Protocol for the first large-scale emergency care-based longitudinal cohort study of recovery after sexual assault: The Women's Health Study

Nicole A. Short, Jenyth Sullivan, April Soward, Kenneth A. Bollen, Israel Liberzon, Sandra Martin, Sheila A.M. Rauch, Kathy Bell, Catherine Rossi, Megan Lechner, Carissa Novak, Kristen Witkemper, Ronald C. Kessler, Samuel A. McLean

Research output: Contribution to journalArticle

3 Scopus citations

Abstract

Introduction Worldwide, an estimated 10%-27% of women are sexually assaulted during their lifetime. Despite the enormity of sexual assault as a public health problem, to our knowledge, no large-scale prospective studies of experiences and recovery over time among women presenting for emergency care after sexual assault have been performed. Methods and analysis Women ≥18 years of age who present for emergency care within 72 hours of sexual assault to a network of treatment centres across the USA are approached for study participation. Blood DNA and RNA samples and brief questionnaire and medical record data are obtained from women providing initial consent. Full consent is obtained at initial 1 week follow-up to analyse blood sample data and to perform assessments at 1 week, 6 weeks, 6 months and 1 year. These assessments include evaluation of survivor life history, current health and recovery and experiences with treatment providers, law enforcement and the legal system. Ethics and dissemination This study is approved by the University of North Carolina at Chapel Hill's Institutional Review Board (IRB) and the IRB of each participating study site. We hope to present the results of this study to the scientific community at conferences and in peer-reviewed journals.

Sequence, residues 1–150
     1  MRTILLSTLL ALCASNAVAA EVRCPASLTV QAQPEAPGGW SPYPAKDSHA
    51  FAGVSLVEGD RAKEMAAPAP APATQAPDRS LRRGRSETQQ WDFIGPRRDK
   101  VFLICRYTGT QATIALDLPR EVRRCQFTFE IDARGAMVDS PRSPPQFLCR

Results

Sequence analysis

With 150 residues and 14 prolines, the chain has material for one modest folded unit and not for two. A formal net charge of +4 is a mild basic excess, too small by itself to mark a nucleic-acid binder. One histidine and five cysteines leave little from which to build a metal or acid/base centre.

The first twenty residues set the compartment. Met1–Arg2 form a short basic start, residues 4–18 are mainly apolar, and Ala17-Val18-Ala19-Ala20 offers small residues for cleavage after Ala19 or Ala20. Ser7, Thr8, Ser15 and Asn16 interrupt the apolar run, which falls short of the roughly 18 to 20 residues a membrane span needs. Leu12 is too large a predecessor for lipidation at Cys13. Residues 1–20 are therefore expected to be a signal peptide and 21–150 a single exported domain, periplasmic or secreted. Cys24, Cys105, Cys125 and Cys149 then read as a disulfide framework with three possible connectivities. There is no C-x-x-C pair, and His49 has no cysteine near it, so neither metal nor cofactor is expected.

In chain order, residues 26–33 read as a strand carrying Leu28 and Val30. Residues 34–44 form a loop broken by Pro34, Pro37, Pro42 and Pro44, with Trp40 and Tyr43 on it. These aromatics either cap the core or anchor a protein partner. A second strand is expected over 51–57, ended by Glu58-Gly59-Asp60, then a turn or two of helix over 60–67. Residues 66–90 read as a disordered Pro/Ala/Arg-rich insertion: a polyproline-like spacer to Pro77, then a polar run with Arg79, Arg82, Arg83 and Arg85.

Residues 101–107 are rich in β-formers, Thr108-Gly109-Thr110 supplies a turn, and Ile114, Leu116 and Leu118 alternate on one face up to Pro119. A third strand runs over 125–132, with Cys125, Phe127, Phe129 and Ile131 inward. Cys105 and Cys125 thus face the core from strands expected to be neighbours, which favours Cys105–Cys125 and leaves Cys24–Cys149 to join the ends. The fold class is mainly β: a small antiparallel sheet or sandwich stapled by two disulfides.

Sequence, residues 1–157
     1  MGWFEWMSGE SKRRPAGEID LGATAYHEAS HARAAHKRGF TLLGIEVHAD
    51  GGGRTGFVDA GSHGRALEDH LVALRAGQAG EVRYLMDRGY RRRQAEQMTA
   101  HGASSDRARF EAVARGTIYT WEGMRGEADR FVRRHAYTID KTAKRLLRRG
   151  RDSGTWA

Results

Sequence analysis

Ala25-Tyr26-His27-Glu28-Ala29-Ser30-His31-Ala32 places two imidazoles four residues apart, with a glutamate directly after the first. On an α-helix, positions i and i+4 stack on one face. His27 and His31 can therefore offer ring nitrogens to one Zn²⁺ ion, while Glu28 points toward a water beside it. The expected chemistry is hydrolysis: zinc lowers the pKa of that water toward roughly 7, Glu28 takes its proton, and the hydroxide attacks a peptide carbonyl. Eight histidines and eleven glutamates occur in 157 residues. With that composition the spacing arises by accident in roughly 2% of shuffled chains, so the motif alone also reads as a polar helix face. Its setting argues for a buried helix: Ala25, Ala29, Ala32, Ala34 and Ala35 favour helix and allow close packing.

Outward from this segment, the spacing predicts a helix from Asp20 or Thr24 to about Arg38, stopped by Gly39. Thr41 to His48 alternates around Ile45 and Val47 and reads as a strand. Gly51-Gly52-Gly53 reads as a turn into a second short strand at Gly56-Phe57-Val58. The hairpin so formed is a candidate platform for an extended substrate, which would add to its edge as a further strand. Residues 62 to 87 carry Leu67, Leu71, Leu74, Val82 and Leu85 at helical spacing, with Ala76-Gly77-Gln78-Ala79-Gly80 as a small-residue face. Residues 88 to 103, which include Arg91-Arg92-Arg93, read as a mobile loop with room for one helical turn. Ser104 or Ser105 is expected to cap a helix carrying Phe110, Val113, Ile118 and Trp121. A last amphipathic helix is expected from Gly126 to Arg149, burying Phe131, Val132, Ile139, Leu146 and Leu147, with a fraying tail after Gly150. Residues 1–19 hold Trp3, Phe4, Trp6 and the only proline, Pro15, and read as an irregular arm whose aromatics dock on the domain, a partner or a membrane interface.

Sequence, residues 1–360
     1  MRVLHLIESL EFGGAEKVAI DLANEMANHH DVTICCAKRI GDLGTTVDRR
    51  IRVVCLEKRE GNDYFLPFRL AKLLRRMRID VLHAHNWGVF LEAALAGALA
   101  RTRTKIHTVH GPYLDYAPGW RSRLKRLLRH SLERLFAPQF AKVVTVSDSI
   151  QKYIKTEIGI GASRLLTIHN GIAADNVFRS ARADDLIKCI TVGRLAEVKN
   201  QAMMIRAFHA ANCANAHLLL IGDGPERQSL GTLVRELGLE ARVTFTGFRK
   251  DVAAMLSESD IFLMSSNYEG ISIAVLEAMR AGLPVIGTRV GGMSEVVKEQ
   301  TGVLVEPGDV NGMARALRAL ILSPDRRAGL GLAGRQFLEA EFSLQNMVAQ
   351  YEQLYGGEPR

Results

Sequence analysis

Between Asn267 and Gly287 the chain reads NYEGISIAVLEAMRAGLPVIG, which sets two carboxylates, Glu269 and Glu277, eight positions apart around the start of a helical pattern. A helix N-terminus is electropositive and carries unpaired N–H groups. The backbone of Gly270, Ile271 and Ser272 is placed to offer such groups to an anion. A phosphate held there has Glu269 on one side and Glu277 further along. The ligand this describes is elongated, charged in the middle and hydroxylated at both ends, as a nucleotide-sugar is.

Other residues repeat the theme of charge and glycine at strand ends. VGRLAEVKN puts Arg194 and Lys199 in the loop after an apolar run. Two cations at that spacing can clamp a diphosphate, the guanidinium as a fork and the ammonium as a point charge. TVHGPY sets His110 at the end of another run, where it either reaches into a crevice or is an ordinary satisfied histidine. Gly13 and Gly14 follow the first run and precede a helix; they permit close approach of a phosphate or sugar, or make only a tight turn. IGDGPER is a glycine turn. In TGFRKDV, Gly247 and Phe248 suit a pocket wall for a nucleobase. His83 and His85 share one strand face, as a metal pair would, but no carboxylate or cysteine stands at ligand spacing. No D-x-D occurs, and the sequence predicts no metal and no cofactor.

Original languageEnglish (US)
Article numbere031087
JournalBMJ open
Volume9
Issue number11
DOIs
StatePublished - Nov 1 2019

Keywords

  • pain
  • posttraumatic stress
  • sexual assault

ASJC Scopus subject areas

  • Medicine(all)

Fingerprint Dive into the research topics of 'Protocol for the first large-scale emergency care-based longitudinal cohort study of recovery after sexual assault: The Women's Health Study'. Together they form a unique fingerprint.

Cite this